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Scammed by … Woodrow Wilson?

By Claes Bell ·
Wednesday, June 13, 2012
Posted: 10 am ET

Although not as high-tech as some of the identity theft being perpetrated by hackers these days, checking scams are an oldie-but-goodie for criminals worldwide. Check fraud losses in the U.S. alone cost the banking industry $893 million, according to a 2011 report from the American Bankers Association.

Still, it's rare to see checking fraud being perpetrated by long-deceased ex-presidents.

The check scammers used Woodrow Wilson's signature for a fraudulent check.

Most thieves won't be stupid enough to use an ex-president's signature to sign a bad check.

A Bankrate colleague received a solicitation via snail mail this week. The pitch will be familiar to anyone who's checked their email lately:

We are pleased to bring this official notice which confirms that you are a 2nd prize winner in the second category of the USA Departmental Stores Sweepstake Lottery held on March 31, 2012.

The serial number 3549 attached to your name matched the first lucky winners, and you subsequently won US$250,000.00 (Two Hundred and Fifty Thousand Dollars).

Sunlife Financial Services has been assigned by the sweepstake organization to inform all winners and pay them off their money. Your payment will be made by a CERTIFIED CHECK, which will be delivered to you by our special courier company UPS or FedEx.

Enclosed is a check in the amount of US$4,450.50 which is deducted from your total winning and is to help you pay for the documentation and taxes fees and this is payable to your Tax Agent Names.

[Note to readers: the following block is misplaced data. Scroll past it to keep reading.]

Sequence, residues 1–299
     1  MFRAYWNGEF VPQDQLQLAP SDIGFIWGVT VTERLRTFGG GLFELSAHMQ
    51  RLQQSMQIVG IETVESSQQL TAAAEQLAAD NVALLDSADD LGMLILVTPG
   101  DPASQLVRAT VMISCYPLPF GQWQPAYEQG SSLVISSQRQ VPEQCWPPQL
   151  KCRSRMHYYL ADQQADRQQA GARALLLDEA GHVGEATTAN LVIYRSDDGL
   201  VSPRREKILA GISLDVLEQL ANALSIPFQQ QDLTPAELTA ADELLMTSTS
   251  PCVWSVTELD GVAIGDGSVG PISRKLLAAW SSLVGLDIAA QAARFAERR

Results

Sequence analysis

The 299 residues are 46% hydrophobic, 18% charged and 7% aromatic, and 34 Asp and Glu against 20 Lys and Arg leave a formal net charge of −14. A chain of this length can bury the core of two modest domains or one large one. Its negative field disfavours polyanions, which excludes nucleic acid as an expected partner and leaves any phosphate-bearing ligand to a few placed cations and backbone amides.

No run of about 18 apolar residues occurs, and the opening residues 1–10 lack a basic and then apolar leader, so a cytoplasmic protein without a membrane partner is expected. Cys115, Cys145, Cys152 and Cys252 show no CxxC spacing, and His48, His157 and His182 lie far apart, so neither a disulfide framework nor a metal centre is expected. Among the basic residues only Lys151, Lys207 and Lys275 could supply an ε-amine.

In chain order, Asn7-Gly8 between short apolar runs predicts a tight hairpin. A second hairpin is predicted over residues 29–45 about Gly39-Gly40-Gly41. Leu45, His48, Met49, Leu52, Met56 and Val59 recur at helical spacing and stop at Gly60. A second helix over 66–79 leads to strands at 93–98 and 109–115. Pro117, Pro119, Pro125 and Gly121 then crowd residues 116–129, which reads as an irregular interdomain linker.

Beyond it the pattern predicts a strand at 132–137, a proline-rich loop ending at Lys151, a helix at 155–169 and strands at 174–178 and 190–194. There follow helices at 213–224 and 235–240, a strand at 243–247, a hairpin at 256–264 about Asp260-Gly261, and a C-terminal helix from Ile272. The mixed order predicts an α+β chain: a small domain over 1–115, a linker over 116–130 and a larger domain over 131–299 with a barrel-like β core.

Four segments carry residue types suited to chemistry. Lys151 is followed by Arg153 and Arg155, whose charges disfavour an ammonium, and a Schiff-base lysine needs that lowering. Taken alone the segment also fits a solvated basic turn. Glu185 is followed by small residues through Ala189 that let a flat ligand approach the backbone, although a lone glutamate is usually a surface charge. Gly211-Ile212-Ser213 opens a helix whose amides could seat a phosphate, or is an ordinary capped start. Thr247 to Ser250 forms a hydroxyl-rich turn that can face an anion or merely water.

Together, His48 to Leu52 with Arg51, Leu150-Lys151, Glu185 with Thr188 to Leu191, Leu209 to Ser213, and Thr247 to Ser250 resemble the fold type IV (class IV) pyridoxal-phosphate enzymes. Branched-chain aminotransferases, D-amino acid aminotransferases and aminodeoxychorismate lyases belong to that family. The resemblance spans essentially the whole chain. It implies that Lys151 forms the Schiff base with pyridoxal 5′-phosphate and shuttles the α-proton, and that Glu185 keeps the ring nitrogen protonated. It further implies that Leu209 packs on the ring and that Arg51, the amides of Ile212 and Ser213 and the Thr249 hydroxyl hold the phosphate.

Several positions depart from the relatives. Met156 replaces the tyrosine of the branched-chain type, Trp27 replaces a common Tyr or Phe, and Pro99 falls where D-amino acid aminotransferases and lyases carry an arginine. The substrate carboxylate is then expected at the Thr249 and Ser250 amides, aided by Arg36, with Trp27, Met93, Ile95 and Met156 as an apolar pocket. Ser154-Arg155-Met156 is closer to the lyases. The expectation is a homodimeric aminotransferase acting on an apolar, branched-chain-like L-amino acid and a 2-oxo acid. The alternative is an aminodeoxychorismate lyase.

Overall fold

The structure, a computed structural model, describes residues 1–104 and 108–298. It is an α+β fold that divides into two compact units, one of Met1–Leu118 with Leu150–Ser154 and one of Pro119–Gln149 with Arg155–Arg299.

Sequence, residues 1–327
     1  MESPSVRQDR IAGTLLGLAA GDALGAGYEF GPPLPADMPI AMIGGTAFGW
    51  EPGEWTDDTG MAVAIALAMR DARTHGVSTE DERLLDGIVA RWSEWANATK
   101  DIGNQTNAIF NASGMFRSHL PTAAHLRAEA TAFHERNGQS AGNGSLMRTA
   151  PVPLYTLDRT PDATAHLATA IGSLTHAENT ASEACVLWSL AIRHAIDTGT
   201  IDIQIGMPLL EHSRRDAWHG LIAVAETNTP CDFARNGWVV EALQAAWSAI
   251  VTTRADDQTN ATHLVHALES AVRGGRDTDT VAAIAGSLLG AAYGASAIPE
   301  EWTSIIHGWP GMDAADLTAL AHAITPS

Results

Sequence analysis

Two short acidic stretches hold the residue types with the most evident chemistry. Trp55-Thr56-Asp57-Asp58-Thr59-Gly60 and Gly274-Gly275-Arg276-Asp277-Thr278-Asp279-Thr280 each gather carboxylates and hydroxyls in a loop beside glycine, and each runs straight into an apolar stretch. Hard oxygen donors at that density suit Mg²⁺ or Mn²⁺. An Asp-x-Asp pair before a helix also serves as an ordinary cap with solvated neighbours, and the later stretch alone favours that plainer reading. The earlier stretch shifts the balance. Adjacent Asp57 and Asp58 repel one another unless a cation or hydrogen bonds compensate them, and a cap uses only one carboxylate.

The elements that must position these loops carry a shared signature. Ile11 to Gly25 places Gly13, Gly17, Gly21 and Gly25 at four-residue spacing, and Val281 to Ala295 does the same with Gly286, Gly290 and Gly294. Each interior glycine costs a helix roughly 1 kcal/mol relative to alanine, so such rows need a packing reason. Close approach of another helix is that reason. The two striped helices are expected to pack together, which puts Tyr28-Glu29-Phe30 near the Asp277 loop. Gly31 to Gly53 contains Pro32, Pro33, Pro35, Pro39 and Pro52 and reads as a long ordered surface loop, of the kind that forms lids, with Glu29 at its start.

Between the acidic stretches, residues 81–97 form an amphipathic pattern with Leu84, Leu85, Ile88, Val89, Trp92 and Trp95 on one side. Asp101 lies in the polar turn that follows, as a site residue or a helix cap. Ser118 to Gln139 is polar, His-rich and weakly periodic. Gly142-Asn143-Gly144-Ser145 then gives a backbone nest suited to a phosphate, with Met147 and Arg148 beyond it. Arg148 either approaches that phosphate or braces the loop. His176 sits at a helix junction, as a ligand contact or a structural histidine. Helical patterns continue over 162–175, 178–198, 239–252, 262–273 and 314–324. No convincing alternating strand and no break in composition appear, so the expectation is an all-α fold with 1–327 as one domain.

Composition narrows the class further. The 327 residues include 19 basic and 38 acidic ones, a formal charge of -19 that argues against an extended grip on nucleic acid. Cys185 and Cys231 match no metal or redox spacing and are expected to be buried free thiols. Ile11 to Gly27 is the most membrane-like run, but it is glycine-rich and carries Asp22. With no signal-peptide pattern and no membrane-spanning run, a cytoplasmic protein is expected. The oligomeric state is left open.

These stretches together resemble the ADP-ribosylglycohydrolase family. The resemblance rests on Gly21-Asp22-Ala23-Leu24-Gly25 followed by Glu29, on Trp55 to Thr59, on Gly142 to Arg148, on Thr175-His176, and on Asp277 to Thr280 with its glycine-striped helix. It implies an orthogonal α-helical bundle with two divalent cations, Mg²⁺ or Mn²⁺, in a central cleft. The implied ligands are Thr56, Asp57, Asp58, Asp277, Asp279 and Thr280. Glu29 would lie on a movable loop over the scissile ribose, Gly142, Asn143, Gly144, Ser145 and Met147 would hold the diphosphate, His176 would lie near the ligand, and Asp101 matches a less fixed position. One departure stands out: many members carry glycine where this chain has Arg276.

Tax Agent Names: Judy Foster and Teresa Adams

Tax Fees: $3,400.00 US Dollars

Payment Method: Western Union/Money Gram

Please do not act on this notice until you contact your claim agent to avoid cases of misappropriation and mishandling of prize money. You are advised to contact your Claims Agents: Steven Bass or Jessica Anderson.

This is a fairly standard counterfeit check scam. Had he fallen for it, my colleague would have deposited the check in good faith and wired the money to the thieves via Western Union/MoneyGram, leaving my colleague holding the bag when the check bounced.

Fortunately, the thieves didn't manage to get anything out of my colleague but a good laugh, after a glance at the bad check revealed the master criminals had cribbed 28th president, Woodrow Wilson's signature.

While most thieves probably won't make a mistake quite that stupid, there are other elements to the letter that probably tipped him off, and should tip you off as well.

  • Awkward grammar, spelling and punctuation. "Sunlife Financial Services has been assigned by the sweepstake organization to inform all winners and pay them off their money."
  • Getting wire transfer services such as MoneyGram or Western Union involved. Thieves love them because it's nearly impossible for the sender to locate the recipient should things go wrong.
  • He never entered, or even heard of, the contest in question.

What do you think? Have you ever gotten a fraudulent check like this? Would this scam have fooled you?

Follow me on Twitter: @ClaesBell.

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